- “System” level analytics are typically relevant to plant floor supervisors and might be “Is Line 1 running OK? [descriptive], “Why is Line 1 quality poor?” [diagnostic], “I predict that Line 1 is moving out of tolerance.” [predictive], and “What actions should the operator take to avoid poor quality?” [prescriptive].
- “Enterprise” level analytics relative to management can be “What facility is performing the best?” [descriptive], “Why is Plant A throughput behind plan?” [diagnostic], “I predict that Plant A will be behind plan soon.” [predictive], and “What action should I take to avoid Plant A falling behind plan?” [prescriptive].
Getting the most value out of data has evolved over time. Traditional plant floor data has relied on live data coming from PLCs, DCS’s, HMI’s, or time series data from historians or event-based data from relational databases, all mostly setup by control system engineers with reporting also created mostly by control system engineers.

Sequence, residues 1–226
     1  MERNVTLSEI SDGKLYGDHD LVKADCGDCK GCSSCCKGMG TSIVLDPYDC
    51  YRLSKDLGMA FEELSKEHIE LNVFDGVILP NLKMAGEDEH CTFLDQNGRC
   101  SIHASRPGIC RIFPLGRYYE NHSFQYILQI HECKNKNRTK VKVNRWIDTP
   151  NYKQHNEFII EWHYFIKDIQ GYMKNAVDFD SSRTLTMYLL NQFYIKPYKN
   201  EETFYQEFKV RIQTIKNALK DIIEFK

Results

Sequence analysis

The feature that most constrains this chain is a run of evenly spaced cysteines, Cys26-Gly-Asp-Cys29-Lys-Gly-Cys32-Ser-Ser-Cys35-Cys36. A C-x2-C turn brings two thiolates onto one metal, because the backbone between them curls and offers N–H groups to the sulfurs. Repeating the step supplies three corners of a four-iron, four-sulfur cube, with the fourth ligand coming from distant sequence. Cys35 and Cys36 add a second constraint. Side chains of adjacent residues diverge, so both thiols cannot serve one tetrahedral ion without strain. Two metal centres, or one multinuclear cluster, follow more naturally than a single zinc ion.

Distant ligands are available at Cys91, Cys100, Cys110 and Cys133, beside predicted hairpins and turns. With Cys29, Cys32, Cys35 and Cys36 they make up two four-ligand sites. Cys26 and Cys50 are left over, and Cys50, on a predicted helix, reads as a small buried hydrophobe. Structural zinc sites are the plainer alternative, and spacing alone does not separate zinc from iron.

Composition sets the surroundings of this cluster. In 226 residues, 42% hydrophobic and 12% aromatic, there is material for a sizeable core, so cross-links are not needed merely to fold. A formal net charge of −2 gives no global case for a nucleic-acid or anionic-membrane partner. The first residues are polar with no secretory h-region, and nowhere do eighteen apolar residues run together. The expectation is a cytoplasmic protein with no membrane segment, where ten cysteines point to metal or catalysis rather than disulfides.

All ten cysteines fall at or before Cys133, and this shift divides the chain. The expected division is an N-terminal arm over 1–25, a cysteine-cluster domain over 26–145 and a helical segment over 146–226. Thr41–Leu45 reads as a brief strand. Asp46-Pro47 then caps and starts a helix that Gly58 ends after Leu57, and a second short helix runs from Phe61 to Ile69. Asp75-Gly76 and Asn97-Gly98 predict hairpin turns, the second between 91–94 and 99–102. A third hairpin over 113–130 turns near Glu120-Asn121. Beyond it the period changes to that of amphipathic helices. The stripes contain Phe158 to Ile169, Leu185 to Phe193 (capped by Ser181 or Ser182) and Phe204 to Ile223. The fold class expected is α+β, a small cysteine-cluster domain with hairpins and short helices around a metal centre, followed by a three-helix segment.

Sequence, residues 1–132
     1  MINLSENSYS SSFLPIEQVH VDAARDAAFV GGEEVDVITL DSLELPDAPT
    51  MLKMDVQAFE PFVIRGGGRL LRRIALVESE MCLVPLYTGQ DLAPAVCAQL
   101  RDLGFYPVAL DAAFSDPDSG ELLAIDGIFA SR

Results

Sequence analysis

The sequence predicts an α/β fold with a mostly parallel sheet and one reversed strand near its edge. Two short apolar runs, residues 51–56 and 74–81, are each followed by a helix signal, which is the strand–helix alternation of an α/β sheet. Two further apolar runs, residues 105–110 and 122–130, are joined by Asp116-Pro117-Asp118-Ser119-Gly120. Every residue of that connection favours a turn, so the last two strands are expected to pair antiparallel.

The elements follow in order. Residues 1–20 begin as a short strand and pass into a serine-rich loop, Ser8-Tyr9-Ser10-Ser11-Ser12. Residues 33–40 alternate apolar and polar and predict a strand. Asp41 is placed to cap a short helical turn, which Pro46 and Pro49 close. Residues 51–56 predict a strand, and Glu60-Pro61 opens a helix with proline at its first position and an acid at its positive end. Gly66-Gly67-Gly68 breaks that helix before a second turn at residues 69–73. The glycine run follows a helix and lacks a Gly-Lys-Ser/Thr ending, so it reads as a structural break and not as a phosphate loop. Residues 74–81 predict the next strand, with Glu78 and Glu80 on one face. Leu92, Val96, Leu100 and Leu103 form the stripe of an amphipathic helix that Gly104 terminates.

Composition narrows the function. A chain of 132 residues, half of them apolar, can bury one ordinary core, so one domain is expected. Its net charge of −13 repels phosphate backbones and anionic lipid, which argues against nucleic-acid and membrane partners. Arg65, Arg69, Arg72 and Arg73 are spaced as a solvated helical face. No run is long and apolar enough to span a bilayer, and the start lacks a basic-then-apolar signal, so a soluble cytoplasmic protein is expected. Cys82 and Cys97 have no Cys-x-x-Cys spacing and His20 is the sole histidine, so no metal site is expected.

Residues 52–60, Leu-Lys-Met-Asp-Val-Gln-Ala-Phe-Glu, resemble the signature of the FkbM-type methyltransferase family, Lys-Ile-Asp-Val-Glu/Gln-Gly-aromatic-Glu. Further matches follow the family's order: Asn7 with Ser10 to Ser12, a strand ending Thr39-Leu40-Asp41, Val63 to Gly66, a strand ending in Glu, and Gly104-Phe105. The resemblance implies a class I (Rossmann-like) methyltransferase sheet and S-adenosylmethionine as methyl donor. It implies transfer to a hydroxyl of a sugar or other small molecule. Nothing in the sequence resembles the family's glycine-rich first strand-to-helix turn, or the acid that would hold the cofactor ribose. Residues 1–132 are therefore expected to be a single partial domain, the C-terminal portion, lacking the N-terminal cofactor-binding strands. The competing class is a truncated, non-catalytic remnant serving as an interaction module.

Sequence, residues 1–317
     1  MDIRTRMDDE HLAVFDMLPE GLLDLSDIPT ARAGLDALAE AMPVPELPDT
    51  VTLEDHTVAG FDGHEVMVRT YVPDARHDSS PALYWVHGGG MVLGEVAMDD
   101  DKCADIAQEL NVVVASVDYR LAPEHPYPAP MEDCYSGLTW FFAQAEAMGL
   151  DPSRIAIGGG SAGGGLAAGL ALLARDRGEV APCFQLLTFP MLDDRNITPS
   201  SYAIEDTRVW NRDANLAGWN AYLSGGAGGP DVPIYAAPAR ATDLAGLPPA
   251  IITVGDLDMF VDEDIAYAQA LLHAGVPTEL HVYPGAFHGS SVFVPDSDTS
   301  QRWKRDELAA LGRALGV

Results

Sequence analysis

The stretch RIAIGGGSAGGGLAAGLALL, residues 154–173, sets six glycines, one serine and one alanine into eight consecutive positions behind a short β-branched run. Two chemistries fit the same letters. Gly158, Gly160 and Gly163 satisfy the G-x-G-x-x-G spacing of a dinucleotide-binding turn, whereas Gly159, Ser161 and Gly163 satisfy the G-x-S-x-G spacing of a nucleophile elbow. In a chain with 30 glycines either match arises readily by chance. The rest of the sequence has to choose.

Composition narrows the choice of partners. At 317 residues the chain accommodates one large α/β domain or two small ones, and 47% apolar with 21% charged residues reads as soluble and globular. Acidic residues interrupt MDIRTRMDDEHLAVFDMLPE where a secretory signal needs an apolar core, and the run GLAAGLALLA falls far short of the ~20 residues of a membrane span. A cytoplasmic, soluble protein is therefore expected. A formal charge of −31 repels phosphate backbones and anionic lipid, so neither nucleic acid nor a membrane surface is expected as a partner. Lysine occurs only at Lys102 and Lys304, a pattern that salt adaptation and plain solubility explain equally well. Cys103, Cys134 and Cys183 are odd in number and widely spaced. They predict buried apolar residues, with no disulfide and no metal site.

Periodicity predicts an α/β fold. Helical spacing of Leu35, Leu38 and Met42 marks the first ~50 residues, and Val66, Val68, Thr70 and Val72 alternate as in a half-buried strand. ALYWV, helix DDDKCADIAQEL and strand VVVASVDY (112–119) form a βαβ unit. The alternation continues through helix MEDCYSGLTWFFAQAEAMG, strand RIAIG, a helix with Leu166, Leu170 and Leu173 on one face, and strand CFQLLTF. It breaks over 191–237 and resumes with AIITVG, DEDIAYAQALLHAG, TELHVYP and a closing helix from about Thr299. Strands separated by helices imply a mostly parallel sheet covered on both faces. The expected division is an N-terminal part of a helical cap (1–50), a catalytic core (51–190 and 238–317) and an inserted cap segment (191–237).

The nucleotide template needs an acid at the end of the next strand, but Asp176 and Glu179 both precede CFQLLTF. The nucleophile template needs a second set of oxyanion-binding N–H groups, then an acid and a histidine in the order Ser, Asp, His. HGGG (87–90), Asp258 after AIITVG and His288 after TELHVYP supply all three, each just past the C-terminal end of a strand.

Today, data comes from disparate data sources, control systems, data warehouses, and data aggregation from multiple platforms requiring the talents of data integration engineers, data architects and business intelligence (BI) engineers. Future data analytics will most likely consist of the same disparate data sources on the plant floor feeding data orchestration via edge computing; event ingestion, event processing and enrichment, streaming analytics, data hosting and staging; feeding cloud analytics and on-premises self-service analytics, all developed by controls engineer hybrids, IoT specialists, and software developers.
Applying analytic solutions might be best approached using a “crawl, walk, run” strategy.